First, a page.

Wednesday the 12th was the first of two morning meetings for July.  It’s not too late to make the next one, July 26th at 9:30 (insert laughing emoji).

Looking at what’s new for the 2017-18 budget, there was some discussion about per pupil funding allocated to each school.  This amount is going up from $61 to $70 per student, but Mr. Rittenhouse commented that teachers tell him they don’t have enough money for classroom supplies.  The response from administration was that teachers generally get what they ask for, and the specific total of $250 per teacher came up more than once.  I pointed out that $250 is only $10 per pupil, a fraction of the total allocation, and gave my opinion that teachers don’t ask for more because they’ve been told no for years.  I suggested if we want to change that notion, communication is essential.  The superintendent proposed a follow-up report from principals on future CLASSROOM allocations.

Also applicable to the new school year’s budget was a vote on personnel, which I objected to only because it included one teaching contract for 10.5 months, over the usual 10 mos.  I emphasized that it’s not that any teacher doesn’t deserve extra pay for extra time, but most teachers already put in plenty of extra time, and only get paid for 10 mos.  I’m concerned about the inequity of only certain teaching positions being extended to 10.5 mo. contracts and beyond.  I was told that this particular position had just been reduced from a 12 mo. contract (making me wonder why it was 12 in the first place, and highlighting the inequity of the situation, I thought).

Of the next four votes, I only objected to one more, the excused absence policy I questioned in my last post. I still find it very unclear as to whether an excused absence is defined by the school system or by the parent.

Near the end of the meeting, I got on my soapbox about discipline, having been inspired by observations of the Board Chair, Ms. Carr, about the number of comments on the staff survey regarding student discipline. I took another look at the comments and compared them to last year.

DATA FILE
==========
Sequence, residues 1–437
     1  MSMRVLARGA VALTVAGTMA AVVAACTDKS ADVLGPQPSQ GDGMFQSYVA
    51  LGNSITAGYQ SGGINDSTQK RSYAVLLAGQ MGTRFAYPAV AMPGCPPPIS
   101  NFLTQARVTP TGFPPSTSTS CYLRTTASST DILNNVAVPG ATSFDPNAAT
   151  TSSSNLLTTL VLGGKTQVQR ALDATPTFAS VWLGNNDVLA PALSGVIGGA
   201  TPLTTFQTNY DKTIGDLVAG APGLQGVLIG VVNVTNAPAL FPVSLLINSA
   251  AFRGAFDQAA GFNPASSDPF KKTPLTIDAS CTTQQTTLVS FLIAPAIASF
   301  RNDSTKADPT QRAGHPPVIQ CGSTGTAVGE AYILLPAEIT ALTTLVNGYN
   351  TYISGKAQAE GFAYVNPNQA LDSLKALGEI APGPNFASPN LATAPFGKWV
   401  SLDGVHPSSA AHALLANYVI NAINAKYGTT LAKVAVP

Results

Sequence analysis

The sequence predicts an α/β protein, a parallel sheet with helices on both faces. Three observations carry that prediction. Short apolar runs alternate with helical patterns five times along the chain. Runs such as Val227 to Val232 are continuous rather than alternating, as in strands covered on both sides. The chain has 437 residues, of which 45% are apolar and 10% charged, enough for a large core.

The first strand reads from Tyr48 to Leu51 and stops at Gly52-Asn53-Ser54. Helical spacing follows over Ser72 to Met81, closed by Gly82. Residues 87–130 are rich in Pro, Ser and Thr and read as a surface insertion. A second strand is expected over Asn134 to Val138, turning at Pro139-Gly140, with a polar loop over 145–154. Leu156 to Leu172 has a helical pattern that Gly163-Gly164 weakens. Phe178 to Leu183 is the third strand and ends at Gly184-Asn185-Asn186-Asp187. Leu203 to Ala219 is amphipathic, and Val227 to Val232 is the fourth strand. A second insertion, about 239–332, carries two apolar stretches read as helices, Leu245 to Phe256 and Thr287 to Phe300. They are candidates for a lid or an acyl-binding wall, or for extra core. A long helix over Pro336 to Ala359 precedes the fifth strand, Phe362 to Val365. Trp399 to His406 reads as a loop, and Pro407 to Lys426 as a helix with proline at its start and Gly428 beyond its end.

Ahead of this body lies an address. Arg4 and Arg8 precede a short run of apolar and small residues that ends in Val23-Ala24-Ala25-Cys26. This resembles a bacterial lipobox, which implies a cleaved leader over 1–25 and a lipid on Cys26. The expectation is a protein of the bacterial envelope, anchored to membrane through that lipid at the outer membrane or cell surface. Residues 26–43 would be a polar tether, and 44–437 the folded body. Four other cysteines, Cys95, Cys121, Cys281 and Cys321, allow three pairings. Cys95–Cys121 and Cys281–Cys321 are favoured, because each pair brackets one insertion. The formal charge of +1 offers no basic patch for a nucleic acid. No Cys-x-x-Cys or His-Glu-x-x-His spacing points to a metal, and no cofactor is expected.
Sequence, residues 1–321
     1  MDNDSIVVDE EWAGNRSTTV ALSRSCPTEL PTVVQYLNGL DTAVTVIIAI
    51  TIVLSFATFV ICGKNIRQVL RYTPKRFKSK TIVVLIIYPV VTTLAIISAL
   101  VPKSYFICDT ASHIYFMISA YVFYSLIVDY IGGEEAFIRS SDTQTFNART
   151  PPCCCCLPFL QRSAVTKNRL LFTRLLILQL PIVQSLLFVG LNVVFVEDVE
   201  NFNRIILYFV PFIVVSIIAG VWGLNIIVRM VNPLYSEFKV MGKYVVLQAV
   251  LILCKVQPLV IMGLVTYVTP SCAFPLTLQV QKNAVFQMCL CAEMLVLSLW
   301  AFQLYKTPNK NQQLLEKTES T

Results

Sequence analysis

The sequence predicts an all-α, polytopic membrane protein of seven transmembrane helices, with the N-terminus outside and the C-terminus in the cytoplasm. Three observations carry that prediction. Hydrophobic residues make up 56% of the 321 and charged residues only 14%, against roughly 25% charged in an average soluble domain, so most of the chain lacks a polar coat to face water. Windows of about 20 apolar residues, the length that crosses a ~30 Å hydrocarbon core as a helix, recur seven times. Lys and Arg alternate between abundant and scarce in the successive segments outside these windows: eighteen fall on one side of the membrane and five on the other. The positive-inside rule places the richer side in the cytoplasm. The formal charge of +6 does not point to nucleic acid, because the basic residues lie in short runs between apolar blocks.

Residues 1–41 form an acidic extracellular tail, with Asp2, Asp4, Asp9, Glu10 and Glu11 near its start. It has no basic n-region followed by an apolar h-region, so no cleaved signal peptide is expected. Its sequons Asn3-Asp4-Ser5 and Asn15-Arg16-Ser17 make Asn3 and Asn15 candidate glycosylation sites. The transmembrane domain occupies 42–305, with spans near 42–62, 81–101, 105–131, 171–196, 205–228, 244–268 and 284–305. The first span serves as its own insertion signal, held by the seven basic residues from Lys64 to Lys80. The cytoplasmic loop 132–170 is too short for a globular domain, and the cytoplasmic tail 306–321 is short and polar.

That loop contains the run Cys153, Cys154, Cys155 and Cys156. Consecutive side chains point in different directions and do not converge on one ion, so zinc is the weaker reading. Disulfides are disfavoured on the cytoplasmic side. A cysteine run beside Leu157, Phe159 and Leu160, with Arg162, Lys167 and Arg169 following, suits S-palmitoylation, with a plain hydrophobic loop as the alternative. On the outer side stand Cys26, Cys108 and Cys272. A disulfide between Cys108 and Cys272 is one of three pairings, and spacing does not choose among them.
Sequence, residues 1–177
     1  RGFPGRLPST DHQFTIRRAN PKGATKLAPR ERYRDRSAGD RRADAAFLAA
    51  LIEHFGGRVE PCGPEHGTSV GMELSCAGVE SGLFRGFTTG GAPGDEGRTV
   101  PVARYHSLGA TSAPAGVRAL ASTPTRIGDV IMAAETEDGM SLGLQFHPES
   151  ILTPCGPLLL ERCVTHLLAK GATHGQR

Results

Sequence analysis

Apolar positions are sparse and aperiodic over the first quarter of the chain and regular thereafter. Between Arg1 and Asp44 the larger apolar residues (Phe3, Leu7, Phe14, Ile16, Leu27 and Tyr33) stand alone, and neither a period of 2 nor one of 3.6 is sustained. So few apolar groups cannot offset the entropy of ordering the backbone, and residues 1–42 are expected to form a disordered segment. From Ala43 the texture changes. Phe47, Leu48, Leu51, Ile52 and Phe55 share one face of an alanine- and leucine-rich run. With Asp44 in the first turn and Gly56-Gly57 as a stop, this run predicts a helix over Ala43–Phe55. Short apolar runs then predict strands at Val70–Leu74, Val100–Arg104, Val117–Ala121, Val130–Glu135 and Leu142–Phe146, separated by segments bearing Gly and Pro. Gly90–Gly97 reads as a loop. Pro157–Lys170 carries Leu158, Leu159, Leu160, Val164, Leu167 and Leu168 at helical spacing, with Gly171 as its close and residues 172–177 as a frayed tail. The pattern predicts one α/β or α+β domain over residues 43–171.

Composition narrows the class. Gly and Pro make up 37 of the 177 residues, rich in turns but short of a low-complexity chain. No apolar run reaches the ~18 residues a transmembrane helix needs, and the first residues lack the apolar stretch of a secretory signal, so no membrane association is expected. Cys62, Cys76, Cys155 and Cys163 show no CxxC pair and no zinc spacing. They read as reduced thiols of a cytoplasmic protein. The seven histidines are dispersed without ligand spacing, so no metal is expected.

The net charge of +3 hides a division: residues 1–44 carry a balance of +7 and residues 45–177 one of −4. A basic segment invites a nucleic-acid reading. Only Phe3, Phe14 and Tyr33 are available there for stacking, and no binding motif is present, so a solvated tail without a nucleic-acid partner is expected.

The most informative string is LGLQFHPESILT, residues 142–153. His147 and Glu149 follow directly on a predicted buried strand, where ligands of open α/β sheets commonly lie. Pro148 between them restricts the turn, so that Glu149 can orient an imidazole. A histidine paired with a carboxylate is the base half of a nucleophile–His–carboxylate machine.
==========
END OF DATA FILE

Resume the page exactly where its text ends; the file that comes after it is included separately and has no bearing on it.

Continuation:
In May 2016, salary was the most often suggested “area of focus” with discipline coming in second.  In 2017, the two switched positions, though salary had almost exactly the same number of comments as 2016, the number of discipline comments shot up by 60% to overtake even salary as our staff’s main concern (as suggested by their comments).  The superintendent brought up discipline numbers which are tracked and reported (lower numbers implying fewer incidents) but I suggested lower numbers might just mean fewer reports, with too many incidents going unreported, and higher numbers might actually indicate better discipline.  It’s a complicated issue, but obviously important to our staff.

I want to be clever but all I can think to leave you with is that old chestnut (because yes, I’m 100) :

Stay tuned for Morning Meeting #2!

 

If you’d like to keep up with Fluco Blog, click the FOLLOW button near the very bottom right corner and enter your email address.  It’s private and completely free.  If you want to comment on a post, click Comment or Reply.  You’ll be asked to provide a name and email address.  If something hits too close to home and you want to be anonymous, DON’T GIVE YOUR REAL NAME ANYWHERE.  Make something up.  Do give your real email address, which will NOT show up with your comment.  You might also be asked for a website, which is weird and not required. Your information is not leased or sold to anyone. 

This blog is a personal blog written and edited by me.  The views expressed in this blog are purely my own and do not represent the Fluvanna County School Board, the school superintendent, or anyone else. Comments added by others are not necessarily my opinions and I am not responsible for their content.

2 For 1

Thanks for reading Fluco Blog!  I’m Perrie Johnson, Fork Union’s representative to the Fluvanna County School Board.  My goal with Fluco Blog is to let people know what’s going on at School Board meetings beyond the reports available online.  Be forewarned, when it comes to discussions, most of the comments I remember turn out to be mine!  Here’s the latest…